Bachelet: Venezuela’s main children’s hospital is working at 21% capacity

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In the Hospital, rooms look a mess and fewer patients being admitted and treated | Photo: Andrés Rodríguez.

In a new oral update on the Human Rights situation in Venezuela Michelle Bachelet, the United Nations High Commissioner for Human Rights highlighted the deepest crisis at the Jose Manuel de Los Rios Children’s Hospital in Caracas, one of the most important health center in the country.

Bachelet, a trained pediatrician as well as a former President of Chile, pointed that the deterioration in services was before the sanctions imposed on the Nicolas Maduro regime from 2017 by the United States and other governments.

You must read: Ten minors have died while awaiting a transplant at main children’s’ hospital

“According to information received, the sanctions hindered the transfer of resources for treatment. However, they are compounded by the critical situation at the J.M. de Los Ríos Children’s Hospital in Caracas. At the end of 2019, only 21% of the beds were working,” she said.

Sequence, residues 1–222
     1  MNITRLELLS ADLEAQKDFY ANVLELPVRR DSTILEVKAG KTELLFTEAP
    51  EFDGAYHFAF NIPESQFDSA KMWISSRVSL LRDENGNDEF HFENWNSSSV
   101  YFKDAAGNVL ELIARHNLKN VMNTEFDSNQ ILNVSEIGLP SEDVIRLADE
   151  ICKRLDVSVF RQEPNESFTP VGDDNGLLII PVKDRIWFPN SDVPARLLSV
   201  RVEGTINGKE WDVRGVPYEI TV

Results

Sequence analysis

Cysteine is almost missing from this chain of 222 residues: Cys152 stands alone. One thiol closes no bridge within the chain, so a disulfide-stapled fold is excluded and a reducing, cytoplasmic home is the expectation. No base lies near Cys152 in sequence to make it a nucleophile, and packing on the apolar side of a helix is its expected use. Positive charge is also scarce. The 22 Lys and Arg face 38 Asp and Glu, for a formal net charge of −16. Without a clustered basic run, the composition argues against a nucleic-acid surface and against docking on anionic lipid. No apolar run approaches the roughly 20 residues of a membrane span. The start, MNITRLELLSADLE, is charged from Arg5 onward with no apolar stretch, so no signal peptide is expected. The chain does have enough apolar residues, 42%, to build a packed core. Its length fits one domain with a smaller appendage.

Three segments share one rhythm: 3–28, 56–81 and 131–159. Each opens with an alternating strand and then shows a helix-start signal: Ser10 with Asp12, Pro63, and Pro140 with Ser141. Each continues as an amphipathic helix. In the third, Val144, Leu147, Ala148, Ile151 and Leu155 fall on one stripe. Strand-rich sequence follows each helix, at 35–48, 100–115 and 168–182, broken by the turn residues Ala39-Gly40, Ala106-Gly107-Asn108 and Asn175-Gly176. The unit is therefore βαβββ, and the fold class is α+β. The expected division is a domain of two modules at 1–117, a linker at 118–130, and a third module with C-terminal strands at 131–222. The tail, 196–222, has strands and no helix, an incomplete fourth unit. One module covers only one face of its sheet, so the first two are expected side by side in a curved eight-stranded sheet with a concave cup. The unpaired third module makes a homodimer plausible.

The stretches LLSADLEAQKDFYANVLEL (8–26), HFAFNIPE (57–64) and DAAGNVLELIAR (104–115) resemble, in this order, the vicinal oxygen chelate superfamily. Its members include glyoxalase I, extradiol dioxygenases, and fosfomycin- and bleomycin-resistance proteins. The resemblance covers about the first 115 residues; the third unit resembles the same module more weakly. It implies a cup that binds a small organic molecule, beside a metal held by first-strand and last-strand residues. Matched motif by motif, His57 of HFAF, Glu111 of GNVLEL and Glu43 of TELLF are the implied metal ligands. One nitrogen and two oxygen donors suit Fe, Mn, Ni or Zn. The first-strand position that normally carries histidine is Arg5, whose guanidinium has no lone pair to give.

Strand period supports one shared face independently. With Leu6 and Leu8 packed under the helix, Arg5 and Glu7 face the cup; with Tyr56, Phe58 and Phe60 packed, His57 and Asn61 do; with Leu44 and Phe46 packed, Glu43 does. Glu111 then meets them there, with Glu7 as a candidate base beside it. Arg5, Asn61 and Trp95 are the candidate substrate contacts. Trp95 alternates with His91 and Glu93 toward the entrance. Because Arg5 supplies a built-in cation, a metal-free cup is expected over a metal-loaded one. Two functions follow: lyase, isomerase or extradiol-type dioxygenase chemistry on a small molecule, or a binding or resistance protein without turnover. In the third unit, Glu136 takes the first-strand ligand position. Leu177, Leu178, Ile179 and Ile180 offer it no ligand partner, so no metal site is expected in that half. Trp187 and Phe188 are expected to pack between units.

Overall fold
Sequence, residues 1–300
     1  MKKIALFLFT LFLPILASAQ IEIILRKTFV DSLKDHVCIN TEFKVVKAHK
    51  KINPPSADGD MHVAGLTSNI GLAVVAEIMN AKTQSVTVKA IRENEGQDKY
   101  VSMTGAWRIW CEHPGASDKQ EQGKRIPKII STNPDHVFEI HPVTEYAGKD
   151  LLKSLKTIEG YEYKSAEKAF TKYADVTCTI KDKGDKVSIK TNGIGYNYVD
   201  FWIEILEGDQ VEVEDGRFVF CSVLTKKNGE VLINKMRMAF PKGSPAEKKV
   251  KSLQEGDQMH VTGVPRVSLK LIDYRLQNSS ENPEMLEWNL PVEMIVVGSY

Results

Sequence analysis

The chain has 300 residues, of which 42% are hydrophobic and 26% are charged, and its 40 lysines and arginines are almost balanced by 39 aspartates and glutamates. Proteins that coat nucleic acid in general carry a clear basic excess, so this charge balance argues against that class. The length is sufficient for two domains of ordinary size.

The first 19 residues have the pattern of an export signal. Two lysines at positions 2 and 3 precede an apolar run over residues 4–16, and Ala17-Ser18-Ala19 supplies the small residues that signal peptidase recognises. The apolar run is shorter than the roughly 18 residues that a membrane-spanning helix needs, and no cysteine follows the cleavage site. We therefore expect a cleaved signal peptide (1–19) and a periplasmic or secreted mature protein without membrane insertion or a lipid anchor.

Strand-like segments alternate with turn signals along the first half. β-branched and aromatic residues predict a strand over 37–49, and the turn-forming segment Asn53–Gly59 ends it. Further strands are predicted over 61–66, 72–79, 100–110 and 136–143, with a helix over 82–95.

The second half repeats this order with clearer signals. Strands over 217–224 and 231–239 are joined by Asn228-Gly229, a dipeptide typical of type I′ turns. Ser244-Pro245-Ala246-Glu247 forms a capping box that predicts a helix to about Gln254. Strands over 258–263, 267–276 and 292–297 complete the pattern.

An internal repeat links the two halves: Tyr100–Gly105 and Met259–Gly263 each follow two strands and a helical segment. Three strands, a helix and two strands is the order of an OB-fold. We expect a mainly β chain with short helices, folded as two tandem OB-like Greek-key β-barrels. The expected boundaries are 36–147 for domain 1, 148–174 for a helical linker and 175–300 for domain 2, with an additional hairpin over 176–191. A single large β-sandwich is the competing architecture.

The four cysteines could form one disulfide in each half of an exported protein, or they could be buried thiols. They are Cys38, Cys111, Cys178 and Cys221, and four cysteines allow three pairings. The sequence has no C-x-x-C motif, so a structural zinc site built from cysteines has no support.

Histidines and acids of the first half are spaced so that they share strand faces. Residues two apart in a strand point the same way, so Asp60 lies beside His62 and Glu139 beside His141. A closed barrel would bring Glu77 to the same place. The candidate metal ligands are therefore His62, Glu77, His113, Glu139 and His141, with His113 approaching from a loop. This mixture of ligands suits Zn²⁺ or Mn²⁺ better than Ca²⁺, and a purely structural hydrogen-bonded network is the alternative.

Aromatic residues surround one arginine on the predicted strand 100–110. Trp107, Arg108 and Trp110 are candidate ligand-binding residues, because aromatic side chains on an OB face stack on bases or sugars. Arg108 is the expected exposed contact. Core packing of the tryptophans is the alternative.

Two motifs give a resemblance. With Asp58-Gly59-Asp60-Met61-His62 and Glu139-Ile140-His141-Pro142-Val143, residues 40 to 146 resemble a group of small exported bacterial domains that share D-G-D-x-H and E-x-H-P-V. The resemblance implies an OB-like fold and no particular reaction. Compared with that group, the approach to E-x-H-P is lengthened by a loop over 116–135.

Bachelet, who graduated as a pediatrician from the University of Chile in 1983, emphasized the suspension of the transplant program at the hospital.

“There is still an urgent need to address the situation of Venezuelan children in need of transplants. To date, 38 are still on the waiting list in Venezuela and six are still waiting to be seen in Argentina. And some have unfortunately died waiting for transplants,” she said.

In her brief speech at the Office of the United Nations High Commissioner for Human Rights in Geneva, she joined the World Food Program in denouncing the food insecurity that affects 9.7 million Venezuelans.

Sanctions

Bachelet spoke again about the impact of the financial sanctions against the Maduro regime. She added that despite the increase of humanitarian aid from organizations like USAID, the United Nations, and the Red Cross, the most vulnerable continue suffering.

“Despite the exceptions established to allow imports of medicines, food and basic for humanitarian action, public services, and the general population continue to suffer the impact of strict scrutiny,” she said.

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